The next-generation software world replaces this model with Internet applications where upgrade is seamless and at no extra cost. You pay for the service, either with money (Salesforce.com) or mainly with advertising (Google Apps).

Adobe is there, of course, with Acrobat.com for productivity applications, and also tools for building them with Flash, Flex and AIR. But it is one thing to be there, and another thing for those investments to be delivering an increasing proportion of overall revenue; and the table above suggests that progress is slow.

It will be fascinating to see how this unfolds over the coming decade.

Reflections on Microsoft PDC 2009

Microsoft’s Professional Developers Conference has long been a key event in the company’s calendar. CEO Steve Ballmer and his colleagues are famous for their belief that developers make or break a platform, and PDC is where the most committed of those developers learn as much as Microsoft is willing to share of its long-term plans. There have been good – for example, 2000 C# and .NET launch, 2008 Windows 7 – and bad – for example, 2001 Hailstorm, 2003 Longhorn – PDCs but they have all been interesting, at least the ones I have attended.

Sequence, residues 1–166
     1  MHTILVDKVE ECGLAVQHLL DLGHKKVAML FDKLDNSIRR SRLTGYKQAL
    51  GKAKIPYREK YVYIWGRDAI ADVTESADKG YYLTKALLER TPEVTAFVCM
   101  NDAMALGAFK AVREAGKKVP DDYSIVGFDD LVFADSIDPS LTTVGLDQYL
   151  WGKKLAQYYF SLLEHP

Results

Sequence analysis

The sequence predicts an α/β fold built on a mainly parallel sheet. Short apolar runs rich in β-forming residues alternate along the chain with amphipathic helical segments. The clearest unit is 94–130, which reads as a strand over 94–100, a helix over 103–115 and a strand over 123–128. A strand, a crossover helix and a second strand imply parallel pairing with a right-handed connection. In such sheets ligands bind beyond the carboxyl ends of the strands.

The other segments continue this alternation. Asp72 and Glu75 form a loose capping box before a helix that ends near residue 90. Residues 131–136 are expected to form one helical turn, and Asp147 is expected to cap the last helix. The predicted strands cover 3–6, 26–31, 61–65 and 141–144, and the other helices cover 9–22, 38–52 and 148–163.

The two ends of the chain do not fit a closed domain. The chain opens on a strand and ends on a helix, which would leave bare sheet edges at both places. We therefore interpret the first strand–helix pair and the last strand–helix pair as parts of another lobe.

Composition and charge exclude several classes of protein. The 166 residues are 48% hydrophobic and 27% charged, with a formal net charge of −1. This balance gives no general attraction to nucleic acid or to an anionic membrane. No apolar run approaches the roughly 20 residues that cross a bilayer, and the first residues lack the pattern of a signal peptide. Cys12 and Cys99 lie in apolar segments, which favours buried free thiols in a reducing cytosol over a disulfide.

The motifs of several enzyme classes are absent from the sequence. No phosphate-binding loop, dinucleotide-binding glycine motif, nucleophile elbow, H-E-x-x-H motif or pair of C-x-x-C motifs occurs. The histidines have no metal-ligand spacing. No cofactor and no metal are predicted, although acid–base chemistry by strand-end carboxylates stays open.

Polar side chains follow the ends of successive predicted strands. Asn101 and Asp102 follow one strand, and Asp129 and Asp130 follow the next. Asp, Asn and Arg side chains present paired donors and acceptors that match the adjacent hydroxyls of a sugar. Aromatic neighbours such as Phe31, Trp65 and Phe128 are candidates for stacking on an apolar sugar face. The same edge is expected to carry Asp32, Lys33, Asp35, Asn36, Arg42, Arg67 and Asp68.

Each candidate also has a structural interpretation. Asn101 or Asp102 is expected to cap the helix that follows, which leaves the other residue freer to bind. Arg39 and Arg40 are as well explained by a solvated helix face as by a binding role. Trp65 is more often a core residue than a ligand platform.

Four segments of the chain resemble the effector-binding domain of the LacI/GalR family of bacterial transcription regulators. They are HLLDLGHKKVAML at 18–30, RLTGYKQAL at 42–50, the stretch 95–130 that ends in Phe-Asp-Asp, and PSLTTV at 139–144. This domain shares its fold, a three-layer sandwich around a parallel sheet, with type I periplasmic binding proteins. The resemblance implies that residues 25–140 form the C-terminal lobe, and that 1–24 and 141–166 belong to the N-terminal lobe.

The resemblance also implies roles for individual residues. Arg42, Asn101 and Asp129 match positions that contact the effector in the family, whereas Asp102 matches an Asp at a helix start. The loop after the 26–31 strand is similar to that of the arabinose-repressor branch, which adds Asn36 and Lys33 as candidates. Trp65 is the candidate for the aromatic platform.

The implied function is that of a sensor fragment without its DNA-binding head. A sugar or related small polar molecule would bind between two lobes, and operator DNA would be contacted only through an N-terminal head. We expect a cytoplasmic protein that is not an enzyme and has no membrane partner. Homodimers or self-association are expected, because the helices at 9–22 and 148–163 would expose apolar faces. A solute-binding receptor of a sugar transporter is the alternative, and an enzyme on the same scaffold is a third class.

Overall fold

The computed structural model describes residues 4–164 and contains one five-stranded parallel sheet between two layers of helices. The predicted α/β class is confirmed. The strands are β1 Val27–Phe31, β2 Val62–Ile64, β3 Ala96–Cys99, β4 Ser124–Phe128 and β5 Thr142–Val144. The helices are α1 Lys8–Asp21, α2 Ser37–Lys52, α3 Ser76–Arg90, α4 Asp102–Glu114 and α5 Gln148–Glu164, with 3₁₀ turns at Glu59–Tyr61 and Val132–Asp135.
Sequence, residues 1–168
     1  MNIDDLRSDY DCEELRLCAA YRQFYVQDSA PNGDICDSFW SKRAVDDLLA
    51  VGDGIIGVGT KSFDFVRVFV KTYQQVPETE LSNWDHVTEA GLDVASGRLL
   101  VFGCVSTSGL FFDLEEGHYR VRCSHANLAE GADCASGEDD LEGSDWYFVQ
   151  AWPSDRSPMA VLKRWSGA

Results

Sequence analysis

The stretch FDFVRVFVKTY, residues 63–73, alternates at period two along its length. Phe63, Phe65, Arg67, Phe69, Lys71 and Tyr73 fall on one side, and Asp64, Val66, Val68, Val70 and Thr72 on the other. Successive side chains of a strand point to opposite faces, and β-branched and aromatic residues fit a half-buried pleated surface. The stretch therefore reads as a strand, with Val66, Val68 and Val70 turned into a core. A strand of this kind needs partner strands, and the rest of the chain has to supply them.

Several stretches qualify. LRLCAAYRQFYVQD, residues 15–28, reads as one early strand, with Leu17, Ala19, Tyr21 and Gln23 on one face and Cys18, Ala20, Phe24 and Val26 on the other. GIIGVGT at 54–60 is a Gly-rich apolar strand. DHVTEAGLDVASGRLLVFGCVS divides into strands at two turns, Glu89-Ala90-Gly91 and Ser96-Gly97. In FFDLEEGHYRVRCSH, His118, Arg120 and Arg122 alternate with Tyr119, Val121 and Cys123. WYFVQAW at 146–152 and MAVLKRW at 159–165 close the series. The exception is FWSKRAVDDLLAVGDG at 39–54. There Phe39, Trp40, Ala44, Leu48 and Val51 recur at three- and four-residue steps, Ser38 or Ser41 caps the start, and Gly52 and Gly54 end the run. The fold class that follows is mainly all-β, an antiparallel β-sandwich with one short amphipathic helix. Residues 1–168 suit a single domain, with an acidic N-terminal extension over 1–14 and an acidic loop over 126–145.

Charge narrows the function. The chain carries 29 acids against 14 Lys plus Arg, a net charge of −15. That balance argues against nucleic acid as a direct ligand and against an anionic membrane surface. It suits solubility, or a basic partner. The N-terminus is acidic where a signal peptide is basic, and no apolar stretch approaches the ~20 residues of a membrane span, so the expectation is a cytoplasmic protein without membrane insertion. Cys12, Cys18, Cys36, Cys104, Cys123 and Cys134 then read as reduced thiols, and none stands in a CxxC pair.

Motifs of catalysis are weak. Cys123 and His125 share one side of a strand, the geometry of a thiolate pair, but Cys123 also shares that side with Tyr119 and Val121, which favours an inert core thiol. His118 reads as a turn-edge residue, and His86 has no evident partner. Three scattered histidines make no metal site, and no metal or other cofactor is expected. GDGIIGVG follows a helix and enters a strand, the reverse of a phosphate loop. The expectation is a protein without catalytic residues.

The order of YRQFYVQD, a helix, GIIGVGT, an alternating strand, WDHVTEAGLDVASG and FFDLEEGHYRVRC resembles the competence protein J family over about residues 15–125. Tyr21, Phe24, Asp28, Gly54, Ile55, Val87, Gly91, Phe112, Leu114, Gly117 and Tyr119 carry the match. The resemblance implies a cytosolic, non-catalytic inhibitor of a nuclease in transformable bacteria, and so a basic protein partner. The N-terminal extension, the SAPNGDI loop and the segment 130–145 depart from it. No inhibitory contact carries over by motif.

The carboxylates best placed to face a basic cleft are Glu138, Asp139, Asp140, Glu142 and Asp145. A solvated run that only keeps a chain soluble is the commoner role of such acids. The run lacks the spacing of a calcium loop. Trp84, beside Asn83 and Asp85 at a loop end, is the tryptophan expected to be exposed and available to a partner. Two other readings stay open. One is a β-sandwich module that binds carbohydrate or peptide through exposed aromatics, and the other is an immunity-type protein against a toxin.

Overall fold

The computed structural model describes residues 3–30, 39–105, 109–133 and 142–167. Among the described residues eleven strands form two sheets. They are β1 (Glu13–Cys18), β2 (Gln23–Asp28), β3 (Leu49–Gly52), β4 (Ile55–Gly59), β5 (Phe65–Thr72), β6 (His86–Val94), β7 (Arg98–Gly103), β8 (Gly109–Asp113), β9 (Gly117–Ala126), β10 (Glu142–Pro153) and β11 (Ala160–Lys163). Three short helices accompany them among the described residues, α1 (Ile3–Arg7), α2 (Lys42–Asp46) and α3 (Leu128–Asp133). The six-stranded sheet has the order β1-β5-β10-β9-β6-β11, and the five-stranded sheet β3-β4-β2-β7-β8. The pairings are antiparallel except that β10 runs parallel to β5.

So how was PDC 2009? While there was a ton of good content there, and an impressive launch for Silverlight 4, there was a noticeable lack of direction; maybe that was why Ballmer decided not to show up. It should have been the Windows Azure PDC, but as I have just written elsewhere, Microsoft has little excitement about its cloud. Chief Software Architect Ray Ozzie gave almost exactly the same keynote this year that he gave last year; and the body language, as it were, is more about avoiding the cloud than embracing it. Cross-platform clients, commodity pricing, throw away your servers: from Microsoft’s point of view, what’s not to hate?

In theory, mobile computing could have been another big story at the PDC, but Microsoft’s slow progress in Mobile is well known.